Cancer Type      New Cases/Year     Deaths/Year
Breast                 203,500         40,000
Prostate               189,000         30,200
Lung                   169,400        154,900
Colorectal             107,300         48,100
Pancreas                30,300         29,700
Multiple Myeloma        14,000         11,200
Chron. Lympho. Leukemia  7,000          4,500
Acute Myeloid Leukemia  10,600          7,400 

Source: Am. Cancer Soc.

While the multiple myeloma market is important, it is relatively small. But Velcade is in testing for chronic lymphocytic leukemia and other blood cancers, as well as in solid tumors (breast, prostate, colorectal, lung, pancreatic, etc.) in combination with chemotherapy. Early success suggests blockbuster potential.

The other fast-track designee, MLN-518 (picked up in the COR merger), has just entered Phase 1 human trials, so it's too early to tell what other markets it may attack.

Not so fast
Many investors are dancing in the streets over the fast-track news, but a few know it is far from a guarantee of approval. Bristol-Myers Squibb (NYSE: BMY) inked a $2 billion deal with ImClone Systems (Nasdaq: IMCL) for its colorectal treatment Erbitux based largely on Erbitux's fast-track status, yet the FDA turned down the first part of ImClone's rolling application for review in Dec. 2001 due to problems with ImClone's data. Investors have seen Erbitux's potential all but disappear, ImClone's stock price collapse, and the possibility that a leaked FDA decision may have led to stock sales by the company's former CEO, his relatives, and friend Martha Stewart several days before.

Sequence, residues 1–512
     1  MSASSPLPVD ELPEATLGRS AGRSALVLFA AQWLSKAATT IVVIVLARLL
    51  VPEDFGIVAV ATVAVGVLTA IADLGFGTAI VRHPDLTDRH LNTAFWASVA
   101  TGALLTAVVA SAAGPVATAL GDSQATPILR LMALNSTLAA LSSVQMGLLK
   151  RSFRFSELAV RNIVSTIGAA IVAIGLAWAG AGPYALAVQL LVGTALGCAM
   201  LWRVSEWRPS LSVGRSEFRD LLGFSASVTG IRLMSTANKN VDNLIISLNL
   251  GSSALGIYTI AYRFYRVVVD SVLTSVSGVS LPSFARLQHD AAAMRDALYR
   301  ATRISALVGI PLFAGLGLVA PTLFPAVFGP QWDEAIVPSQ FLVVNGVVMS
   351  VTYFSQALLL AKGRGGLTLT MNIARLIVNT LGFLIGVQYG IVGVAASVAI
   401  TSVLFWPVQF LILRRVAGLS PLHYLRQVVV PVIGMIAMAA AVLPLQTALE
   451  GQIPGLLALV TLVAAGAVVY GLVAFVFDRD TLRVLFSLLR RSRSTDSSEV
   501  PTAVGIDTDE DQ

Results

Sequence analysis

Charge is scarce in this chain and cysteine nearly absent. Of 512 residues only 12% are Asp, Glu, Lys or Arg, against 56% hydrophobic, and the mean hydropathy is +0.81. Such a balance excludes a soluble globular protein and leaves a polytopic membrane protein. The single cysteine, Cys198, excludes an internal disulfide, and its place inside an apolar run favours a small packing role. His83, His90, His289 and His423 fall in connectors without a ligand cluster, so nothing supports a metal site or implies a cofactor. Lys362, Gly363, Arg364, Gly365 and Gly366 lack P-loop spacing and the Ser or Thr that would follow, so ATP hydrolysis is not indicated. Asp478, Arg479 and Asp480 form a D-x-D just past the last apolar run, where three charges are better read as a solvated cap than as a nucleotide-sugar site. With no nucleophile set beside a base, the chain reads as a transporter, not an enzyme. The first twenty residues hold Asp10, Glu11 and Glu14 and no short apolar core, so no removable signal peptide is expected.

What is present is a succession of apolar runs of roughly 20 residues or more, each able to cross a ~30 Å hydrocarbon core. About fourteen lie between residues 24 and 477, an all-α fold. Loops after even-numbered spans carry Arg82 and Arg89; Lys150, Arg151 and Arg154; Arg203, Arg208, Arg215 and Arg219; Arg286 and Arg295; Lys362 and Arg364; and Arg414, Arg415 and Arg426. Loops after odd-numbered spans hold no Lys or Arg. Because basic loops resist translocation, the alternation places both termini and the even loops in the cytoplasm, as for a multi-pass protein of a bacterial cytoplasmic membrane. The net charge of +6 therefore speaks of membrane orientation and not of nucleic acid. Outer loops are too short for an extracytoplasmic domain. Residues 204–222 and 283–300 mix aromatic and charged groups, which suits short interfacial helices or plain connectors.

That's the worst that can happen, but it's a lesson that drug making is risky and the best laid plans can go awry. Fast track can be a quicker route to failure, too.  

Looking ahead
Now that many companies employing biotechnology to develop drugs sell at close to cash per share, expect Millennium to make more deals. Management will retain investor confidence as long as it makes the right purchases and keeps dilution and debt low. So far, management's purchases of LeukoSite and COR show an astonishingly good nose for the right biotechnology at the right price.

What do you make of Millennium's stock at current prices? Thwart the sell-side analysts and trumpet your buy, sell, or hold on our Millennium discussion board!

Have a most Foolish week! Updated portfolio returns appear below.

Tom Jacobs (TMF Tom9) thinks the inventor of the ceiling fan deserves a Nobel. At press time, he owned shares of Millennium Pharmaceuticals. To see his stock holdings, view his profile, and check out The Motley Fool's disclosure policy.

Rule Breaker Portfolio Returns as of 6/10/02 Market Close:

            RB        S&P     S&P 500
            Port      500      DA*    Nasdaq
Week      -4.07%**   -0.96%   --      -2.04%
Month     -6.89%**   -3.41%   --      -5.26%
Year     -23.28%**  -10.22%   --     -21.52%
 8/4/94   22.62%     10.87%  10.07%   12.74%

*Dividends added.

**Please keep in mind that these figures will be distorted for the RB Port once a quarter when we deposit $12,500 in new cash. See next note! 

***Compound Annual Growth Rate using Internal Rate of Return. This performance measure accounts for the periodic deposits. Total return wouldn't be meaningful, because we started adding cash to the portfolio in July 2001. In a total return calculation, or (Current Value - All Cash Deposited)/All Cash Deposited, cash added shows up as returns.